Keeping a Pure Mind - Riverside Indonesian Fellowship

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Bible Study 2022
Keeping a Pure Mind
2 Corinthians 1:12-14 studies the word ‘conscience’. Paul writes, “For our boasting is this: the testimony of our conscience that we conducted ourselves in the world in simplicity and godly sincerity, not with fleshly wisdom but by the grace of God, and more abundantly toward you. 13 For we are not writing any other things to you than what you read or understand.”

Remember that Paul was being assaulted as to his integrity, as to his righteousness, as to his authority, as to his credibility, and as to his effectiveness. He was being attacked on every front. And in defense of himself, he appeals to the highest court that is on earth apart from God Himself, which is our conscience. His conscience was affirming that he was holy, godly and sincere.

Paul had conducted himself properly in the grace of God, in the world and toward the Corinthians. Conscience, then, is the highest court on earth. Conscience is the soul’s warning system. It is conscience, according to Romans 2:15, which either accuses us or excuses us. It either affirms us as being good and righteous and holy, or it indicts us as being evil and sinful and wicked.

And conscience is the best critic because it knows the innermost secrets of our heart, and nobody else does except for God. If we are going to have a peaceful life, if we are going to have a tranquil life, if we’re going to enjoy happiness and fulfillment, we’re going to have the kind of joy that gives us the freedom to serve God gladly, then we have to have a clear conscience.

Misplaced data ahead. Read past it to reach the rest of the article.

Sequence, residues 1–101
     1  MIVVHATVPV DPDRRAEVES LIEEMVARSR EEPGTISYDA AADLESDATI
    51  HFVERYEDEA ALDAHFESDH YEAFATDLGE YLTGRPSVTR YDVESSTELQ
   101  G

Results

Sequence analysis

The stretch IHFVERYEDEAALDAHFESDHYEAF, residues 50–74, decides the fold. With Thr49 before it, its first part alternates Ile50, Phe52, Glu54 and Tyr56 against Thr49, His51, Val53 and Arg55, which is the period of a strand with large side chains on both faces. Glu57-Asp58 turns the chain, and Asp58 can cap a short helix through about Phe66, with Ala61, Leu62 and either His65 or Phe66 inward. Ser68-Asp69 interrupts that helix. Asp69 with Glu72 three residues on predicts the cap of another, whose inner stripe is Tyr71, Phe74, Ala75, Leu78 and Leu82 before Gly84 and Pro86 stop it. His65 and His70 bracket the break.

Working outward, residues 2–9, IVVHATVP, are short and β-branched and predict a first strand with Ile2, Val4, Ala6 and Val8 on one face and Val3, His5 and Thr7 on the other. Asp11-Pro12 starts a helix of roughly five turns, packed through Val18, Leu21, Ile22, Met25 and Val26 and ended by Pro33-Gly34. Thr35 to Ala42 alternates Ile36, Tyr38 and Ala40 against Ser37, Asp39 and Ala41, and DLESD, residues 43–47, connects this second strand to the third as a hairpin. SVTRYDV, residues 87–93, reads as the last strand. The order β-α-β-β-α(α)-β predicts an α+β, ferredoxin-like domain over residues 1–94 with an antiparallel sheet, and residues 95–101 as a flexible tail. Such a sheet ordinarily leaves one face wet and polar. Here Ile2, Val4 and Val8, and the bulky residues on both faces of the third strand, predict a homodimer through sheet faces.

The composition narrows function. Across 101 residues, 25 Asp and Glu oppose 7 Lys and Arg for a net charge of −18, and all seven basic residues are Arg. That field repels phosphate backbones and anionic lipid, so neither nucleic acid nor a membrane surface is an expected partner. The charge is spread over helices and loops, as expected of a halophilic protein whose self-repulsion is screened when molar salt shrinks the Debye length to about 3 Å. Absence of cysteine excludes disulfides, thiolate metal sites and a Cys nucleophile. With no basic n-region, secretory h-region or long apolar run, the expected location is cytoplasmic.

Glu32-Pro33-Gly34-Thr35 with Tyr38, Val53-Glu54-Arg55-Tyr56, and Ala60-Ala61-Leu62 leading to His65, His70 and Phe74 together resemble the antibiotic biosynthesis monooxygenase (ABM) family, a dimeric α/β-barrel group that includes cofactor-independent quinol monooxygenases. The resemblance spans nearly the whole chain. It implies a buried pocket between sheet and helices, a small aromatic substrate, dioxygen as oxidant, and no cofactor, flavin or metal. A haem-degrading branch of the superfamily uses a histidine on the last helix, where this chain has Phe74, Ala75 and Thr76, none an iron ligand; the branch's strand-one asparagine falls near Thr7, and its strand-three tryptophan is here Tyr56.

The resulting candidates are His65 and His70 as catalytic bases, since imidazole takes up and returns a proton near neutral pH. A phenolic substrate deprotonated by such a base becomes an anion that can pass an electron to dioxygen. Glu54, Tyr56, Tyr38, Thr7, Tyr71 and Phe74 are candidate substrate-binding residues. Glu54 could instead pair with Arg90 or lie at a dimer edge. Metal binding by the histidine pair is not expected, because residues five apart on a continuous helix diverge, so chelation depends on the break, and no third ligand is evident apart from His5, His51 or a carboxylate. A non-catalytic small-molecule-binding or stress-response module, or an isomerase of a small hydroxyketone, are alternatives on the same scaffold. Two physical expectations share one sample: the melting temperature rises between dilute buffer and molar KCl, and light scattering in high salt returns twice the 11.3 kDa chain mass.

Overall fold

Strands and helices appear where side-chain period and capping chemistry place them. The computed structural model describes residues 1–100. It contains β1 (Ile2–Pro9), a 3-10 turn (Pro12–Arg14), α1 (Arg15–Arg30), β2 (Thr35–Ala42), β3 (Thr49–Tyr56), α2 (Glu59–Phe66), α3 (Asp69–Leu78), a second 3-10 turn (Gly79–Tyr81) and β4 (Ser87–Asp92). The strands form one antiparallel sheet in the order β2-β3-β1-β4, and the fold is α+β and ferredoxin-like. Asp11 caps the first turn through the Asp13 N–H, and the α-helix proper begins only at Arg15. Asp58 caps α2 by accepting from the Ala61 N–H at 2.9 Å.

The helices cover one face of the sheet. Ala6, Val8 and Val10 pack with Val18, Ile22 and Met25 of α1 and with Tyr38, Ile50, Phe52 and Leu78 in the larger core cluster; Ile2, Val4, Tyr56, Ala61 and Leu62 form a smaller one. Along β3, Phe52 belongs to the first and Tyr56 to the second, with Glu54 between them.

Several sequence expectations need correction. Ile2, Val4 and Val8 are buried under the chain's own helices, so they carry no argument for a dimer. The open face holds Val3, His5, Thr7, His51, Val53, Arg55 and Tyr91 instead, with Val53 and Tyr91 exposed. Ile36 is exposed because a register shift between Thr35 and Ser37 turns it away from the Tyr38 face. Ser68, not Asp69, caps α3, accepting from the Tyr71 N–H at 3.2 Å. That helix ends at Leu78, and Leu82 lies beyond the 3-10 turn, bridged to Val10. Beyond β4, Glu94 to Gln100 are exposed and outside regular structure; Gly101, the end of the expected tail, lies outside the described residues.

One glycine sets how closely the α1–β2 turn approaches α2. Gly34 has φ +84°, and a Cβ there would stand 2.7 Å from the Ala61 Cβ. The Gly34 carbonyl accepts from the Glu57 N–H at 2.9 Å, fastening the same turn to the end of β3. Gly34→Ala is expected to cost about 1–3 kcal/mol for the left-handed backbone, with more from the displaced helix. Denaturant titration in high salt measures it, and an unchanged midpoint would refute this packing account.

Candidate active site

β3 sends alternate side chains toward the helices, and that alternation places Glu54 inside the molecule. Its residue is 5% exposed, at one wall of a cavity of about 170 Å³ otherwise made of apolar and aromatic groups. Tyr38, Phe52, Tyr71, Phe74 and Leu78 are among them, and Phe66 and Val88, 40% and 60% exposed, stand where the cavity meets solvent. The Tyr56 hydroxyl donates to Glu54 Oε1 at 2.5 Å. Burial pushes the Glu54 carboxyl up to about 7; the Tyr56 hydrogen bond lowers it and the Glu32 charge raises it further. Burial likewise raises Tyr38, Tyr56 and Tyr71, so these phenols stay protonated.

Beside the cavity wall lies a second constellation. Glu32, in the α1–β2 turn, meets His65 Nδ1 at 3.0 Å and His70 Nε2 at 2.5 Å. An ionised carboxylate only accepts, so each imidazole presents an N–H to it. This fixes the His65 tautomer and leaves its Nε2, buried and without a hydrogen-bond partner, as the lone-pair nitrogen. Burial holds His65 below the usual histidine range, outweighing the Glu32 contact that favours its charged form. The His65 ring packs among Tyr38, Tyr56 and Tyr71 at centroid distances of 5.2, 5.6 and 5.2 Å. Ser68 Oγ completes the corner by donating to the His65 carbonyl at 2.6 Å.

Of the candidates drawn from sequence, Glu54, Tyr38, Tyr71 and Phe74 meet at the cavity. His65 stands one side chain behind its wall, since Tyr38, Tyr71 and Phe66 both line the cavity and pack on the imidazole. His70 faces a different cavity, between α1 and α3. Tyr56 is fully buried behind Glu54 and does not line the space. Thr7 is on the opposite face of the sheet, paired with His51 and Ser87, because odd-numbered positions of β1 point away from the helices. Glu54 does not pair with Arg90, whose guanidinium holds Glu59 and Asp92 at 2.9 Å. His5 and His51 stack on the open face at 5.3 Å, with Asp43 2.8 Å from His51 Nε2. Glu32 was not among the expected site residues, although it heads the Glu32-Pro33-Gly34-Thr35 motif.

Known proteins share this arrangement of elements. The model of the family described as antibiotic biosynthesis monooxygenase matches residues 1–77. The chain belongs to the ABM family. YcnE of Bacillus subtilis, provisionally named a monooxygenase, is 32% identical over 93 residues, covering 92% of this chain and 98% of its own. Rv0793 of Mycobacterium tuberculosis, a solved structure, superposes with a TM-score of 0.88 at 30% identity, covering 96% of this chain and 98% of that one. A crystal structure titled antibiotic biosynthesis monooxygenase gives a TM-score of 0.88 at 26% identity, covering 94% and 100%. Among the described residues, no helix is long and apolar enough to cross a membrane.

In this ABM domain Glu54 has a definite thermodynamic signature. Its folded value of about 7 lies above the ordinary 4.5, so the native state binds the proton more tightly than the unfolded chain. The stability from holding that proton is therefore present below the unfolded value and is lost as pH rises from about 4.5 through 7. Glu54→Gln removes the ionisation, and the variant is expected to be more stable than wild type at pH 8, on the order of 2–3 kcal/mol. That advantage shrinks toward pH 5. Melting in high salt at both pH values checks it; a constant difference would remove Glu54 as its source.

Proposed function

Sinfulness is at the very core of the human soul. Jesus said in Matthew 15:19 - 20, “Out of the heart come evil thoughts, murders, adulteries, fornications, thefts, false witness and slanders. These are the things which defile the person.” And then He said, “The evil man out of the evil treasure of his heart brings forth what is evil, for his mouth speaks from that which fills his heart.”

Frankly, it is human nature to love sin and hate God. Yet, though we are born that way, sin is not a weakness or a flaw for which we cannot be held responsible. It is an energetic, purposeful antagonism toward God that rises out of our will. Sinners freely, willfully and gladly choose sin. In other words, the sin that is in us manifests itself in a deliberate, willful rebellion against God.